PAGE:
Jayroy Makokis' hair hasn't seen scissors in years.
For the Edmonton man, his carefully braided hair — which now reaches below his broad shoulders — is a symbol of pride in his culture, and a way to impart that pride on to his young children.
"I had a spiky hairdo, the faux hawk they called it, with the number two around the side, but now my hair, when it's out of its braid, it's to the bottom of my back," Makokis said in an interview with CBC Radio's Edmonton AM.
Makokis spoke about the cultural significance of his hair during a recent panel discussion organized by a group of students advocating for mandatory native studies courses at the University of Alberta.
"I started growing my hair four years ago when I started straightening my life out, when I stopped drinking, when I stopped going around partying. I wanted to reconnect with my culture."
Makokis is part of a new movement called Boys with Braids, founded by Michael Linklater who is Nehiyaw (Cree) from Thunderchild First Nation, Sask., whose young sons were often bullied for their long-braided hair.
The national social media campaign aims to educate the public on why Indigenous men and boys wear braids and foster understanding of the practice. A quick glance at #boyswithbraids on Twitter pulls up hundreds of photographs of Indigenous men sporting their long hair with pride.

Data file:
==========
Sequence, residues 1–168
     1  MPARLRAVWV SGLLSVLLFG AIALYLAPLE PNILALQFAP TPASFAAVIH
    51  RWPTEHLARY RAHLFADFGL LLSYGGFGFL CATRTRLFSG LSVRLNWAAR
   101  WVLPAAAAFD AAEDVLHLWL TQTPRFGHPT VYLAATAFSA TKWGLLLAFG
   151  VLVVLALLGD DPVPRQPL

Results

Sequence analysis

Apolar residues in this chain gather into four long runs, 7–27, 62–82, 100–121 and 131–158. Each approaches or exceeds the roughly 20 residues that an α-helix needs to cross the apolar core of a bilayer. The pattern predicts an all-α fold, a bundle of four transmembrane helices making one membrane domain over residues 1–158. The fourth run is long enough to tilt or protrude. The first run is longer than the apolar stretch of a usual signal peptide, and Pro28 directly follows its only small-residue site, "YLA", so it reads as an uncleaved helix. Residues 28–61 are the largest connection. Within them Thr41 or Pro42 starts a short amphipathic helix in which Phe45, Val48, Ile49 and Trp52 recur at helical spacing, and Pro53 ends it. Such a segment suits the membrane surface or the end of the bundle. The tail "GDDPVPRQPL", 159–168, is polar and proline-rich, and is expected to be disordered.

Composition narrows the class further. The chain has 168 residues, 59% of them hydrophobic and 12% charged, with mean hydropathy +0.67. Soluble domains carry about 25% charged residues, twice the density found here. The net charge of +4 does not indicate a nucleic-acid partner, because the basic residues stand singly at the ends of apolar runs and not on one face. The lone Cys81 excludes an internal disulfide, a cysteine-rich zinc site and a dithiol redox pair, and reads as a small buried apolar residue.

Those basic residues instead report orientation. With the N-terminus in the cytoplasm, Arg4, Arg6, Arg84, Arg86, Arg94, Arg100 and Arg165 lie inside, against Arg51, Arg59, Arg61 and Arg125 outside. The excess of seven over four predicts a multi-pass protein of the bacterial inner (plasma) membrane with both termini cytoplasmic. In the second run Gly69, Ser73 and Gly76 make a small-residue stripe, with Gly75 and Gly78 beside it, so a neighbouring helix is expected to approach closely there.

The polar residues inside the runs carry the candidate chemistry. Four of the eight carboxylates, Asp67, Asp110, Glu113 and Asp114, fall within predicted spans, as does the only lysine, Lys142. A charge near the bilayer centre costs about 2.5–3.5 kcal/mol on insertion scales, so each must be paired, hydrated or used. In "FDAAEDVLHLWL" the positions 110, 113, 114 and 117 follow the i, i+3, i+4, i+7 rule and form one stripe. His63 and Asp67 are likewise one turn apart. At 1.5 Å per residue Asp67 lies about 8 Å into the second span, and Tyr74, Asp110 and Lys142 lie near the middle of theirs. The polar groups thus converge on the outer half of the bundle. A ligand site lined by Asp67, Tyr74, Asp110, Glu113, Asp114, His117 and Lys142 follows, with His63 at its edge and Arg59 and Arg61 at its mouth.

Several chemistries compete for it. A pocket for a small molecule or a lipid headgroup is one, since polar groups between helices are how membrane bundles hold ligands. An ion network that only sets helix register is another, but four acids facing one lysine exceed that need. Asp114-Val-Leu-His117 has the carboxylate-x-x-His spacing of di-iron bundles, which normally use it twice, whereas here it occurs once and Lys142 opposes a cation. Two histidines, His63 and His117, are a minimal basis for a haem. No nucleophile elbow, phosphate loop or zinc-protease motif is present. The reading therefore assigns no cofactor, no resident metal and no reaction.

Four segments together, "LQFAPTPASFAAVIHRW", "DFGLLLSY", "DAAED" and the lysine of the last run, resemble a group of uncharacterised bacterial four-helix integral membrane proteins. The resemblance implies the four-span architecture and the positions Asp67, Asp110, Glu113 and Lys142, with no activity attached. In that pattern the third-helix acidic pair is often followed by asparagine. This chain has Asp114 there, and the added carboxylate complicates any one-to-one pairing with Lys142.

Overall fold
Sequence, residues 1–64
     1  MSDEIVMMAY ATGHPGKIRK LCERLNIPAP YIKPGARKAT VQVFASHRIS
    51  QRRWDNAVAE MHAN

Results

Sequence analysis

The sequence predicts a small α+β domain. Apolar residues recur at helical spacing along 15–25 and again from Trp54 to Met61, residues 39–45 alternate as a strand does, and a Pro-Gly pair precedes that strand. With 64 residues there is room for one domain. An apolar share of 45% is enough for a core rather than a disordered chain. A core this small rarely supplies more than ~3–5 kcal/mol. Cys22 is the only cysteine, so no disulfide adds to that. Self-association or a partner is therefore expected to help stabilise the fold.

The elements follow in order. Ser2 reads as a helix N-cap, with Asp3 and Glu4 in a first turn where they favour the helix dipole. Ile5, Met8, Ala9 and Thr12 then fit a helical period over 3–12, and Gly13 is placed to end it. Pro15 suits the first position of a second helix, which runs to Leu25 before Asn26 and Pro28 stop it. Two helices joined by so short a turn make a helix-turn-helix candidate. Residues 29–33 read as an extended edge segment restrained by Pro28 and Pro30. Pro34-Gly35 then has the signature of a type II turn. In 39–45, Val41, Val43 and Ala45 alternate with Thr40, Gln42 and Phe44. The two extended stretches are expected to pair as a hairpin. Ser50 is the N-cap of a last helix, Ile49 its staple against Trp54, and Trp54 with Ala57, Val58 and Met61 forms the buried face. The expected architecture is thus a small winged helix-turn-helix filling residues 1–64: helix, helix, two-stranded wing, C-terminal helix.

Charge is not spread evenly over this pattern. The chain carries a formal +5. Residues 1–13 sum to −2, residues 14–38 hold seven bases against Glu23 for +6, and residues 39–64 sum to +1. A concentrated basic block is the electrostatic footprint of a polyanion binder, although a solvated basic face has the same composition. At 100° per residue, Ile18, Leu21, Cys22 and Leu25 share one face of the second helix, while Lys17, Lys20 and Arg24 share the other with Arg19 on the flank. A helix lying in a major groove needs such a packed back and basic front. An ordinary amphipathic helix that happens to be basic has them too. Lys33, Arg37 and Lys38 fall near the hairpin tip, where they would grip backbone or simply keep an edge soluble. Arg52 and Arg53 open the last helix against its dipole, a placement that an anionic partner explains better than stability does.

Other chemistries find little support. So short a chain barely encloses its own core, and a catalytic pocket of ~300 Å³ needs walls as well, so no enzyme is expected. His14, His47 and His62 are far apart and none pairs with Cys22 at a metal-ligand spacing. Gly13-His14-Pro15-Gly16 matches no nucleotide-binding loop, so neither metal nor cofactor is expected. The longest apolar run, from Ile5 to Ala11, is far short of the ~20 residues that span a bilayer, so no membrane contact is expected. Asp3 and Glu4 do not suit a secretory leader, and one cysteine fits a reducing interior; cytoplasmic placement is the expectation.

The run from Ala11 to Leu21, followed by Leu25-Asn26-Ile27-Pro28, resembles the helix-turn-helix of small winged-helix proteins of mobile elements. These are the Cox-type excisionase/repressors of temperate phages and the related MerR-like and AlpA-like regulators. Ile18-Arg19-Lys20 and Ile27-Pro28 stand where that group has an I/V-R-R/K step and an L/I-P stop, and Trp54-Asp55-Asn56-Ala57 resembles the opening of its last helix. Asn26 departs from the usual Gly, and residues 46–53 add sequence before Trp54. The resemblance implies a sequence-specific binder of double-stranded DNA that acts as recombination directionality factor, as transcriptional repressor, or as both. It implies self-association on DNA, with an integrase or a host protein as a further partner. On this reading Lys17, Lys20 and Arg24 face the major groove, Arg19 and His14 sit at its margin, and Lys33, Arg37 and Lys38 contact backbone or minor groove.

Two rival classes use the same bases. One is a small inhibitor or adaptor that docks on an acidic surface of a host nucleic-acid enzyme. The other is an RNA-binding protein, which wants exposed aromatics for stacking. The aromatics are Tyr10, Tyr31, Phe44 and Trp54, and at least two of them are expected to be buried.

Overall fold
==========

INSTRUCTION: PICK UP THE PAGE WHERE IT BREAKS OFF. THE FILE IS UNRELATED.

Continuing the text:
When Makokis started growing out his hair, his three-year-old son decided to follow suit.
Since then, they've inspired many other fathers and sons to do the same, he said.
He grew up in the city, removed from his band's traditions, but he wants his son to have a sense of pride about his culture.
Indigenous people aren't a homogenous group, and each nation has different teachings on why boys and men wear braids, Makokis said.
For many who wear a braid for cultural reasons, the only time they cut their hair is when they are grieving the loss of loved ones.
'I had to search for culture'
For Makokis, who hails from Saddle Lake First Nation, braids connects him spiritually to the land, his ancestors and the Creator.
He began exploring the practice a few years ago with the help of his adoptive father, a Maskwacis elder who he sought out as a his cultural mentor.
"I had to search for culture as a I got older, and I found my adopted dad in Maskwacis ... and he taught me these values and why we grow our hair and have these ceremonies."
"This is the way we were made in the beginning of time. Our Creator, he moulded us and he used sweetgrass for our hair and he made us in the image of himself. He wanted us to look like him and that's why we have our braids."